House prices fell in July - Mortgages - News - Moneyfacts


House prices fell in July

House prices fell in July

Category: Mortgages

Updated: 06/08/2012
First Published: 06/08/2012

This article was correct at the time of publication. It is now over 6 months old so the content may be out of date.

UK house prices fell by 0.6% during July, despite consecutive increases during June and May.

The fall reflects a volatile and fluctuating housing market, with the average home costing £161,094, compared to last month's £162,417.

The latest Halifax House Price Index revealed that whilst the average price fell, house sales rose during the first half of this year by 10% compared to the same period in 2011.

A total of 466,000 sales completed successfully, largely as a result of the rush from first-time buyers to take advantage of the stamp duty holiday before it ended in late March.

A fall in average house prices will be welcomed by house-hunters looking for a bargain, in what is widely seen as a buyer's market.

However, the news will be further misery for many sellers who are desperately trying to fetch a good price on their home, either to fund their next purchase or, more worryingly, avoid falling into negative equity.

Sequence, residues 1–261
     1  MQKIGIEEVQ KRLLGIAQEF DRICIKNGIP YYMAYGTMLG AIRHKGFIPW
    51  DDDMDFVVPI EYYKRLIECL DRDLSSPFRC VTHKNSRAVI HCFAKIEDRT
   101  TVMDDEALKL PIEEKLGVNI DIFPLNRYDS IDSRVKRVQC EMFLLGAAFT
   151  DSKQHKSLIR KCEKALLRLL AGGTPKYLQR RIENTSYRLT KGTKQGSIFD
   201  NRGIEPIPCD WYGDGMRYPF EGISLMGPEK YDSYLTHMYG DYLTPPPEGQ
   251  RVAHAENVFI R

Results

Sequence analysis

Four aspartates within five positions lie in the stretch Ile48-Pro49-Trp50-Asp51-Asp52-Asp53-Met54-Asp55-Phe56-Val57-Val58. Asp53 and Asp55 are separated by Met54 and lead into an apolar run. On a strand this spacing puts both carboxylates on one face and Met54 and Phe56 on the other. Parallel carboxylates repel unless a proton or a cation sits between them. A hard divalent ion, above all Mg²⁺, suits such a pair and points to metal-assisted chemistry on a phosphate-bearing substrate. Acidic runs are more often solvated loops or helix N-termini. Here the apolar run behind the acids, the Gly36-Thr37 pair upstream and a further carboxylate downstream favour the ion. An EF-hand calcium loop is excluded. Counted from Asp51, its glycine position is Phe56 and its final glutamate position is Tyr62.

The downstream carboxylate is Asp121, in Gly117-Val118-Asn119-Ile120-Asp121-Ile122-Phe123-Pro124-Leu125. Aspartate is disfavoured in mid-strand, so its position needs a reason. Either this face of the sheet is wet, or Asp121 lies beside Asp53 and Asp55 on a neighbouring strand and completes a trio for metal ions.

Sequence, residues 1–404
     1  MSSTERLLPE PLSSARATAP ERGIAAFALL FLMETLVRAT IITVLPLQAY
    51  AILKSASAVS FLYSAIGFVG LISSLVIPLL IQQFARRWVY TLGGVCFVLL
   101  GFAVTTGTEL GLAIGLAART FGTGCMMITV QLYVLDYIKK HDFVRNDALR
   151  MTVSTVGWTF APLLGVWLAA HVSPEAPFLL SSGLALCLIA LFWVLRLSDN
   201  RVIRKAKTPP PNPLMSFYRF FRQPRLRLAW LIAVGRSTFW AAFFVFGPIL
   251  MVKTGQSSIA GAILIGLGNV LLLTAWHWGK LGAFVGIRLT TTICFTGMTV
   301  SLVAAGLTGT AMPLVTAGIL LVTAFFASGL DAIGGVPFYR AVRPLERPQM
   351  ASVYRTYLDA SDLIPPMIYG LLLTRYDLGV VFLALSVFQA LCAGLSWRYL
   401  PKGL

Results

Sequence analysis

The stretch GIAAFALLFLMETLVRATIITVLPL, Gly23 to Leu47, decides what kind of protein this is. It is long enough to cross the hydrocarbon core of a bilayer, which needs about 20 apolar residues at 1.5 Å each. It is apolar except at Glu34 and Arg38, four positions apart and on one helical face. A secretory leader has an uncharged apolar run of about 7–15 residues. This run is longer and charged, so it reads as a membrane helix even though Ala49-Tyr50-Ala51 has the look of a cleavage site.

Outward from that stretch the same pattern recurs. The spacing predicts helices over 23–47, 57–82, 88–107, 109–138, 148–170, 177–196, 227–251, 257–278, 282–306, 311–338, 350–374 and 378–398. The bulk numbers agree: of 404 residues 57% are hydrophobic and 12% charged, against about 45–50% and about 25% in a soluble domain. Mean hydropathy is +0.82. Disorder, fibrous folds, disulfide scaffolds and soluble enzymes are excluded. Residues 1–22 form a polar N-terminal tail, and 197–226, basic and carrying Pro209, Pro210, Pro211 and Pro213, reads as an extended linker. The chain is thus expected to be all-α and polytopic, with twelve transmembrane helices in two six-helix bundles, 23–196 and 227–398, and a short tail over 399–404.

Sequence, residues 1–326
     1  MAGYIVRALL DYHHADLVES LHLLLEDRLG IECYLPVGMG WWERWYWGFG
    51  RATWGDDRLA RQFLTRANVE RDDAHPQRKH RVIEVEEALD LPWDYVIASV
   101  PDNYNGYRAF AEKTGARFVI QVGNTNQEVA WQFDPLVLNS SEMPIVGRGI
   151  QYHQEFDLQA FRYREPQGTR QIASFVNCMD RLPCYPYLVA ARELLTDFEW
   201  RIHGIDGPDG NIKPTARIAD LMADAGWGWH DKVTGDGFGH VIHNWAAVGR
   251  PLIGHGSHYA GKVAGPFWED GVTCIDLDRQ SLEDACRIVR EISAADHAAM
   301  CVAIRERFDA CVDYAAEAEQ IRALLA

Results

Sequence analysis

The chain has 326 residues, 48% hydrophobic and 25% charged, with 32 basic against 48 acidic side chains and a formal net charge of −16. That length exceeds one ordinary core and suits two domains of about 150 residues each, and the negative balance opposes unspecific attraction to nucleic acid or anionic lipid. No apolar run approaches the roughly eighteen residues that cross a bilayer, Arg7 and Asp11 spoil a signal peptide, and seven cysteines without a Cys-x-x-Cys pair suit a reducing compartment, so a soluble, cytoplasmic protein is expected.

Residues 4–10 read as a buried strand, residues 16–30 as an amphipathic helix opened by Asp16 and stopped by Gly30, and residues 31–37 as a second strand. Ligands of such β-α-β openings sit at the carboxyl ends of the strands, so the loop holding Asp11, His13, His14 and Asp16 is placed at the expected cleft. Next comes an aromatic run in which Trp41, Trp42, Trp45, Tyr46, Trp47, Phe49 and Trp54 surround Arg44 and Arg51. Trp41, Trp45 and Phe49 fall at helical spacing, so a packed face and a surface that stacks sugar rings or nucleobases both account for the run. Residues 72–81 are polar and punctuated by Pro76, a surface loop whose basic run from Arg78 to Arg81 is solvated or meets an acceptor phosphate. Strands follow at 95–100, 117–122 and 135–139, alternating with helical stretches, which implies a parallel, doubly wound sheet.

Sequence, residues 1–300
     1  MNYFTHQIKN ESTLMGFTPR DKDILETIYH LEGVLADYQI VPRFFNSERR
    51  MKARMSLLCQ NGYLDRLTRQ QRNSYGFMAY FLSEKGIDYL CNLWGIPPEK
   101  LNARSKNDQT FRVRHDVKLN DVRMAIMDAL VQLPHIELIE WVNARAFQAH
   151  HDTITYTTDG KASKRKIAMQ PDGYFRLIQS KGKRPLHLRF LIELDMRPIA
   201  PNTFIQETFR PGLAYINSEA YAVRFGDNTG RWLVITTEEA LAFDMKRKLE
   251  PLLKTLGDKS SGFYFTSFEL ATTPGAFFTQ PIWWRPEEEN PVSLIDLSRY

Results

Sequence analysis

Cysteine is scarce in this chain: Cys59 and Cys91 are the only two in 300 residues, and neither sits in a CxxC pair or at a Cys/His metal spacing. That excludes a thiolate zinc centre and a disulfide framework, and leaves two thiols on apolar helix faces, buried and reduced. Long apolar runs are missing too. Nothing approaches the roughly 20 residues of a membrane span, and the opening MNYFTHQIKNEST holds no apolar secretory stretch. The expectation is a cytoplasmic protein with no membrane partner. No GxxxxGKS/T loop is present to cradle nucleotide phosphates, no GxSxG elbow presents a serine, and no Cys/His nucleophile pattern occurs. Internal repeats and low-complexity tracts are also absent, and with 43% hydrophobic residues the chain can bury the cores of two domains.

Find the best mortgage rate - Compare best selling mortgages

Disclaimer: Information is correct as of the date of publication (shown at the top of this article). Any products featured may be withdrawn by their provider or changed at any time.

Related Articles

Goodbye to the Help to Buy Guarantee

On 31 December, phase two of the Help to Buy initiative will be withdrawn from the market. It’s certainly done wonders for the high loan-to-value sector, so we thought we’d take a closer look at the significance of the scheme and the effect it’s had.

Remortgaging bounces back

Remortgaging has been enjoying a welcome boost in recent months, despite September’s slight dip, with many homeowners capitalising on record low mortgage rates to boost their finances.

Bank of Mum and Dad holds the (house) key

The Bank of Mum and Dad is an important source of finance for many young adults, and it seems that they still hold the key – in more ways than one.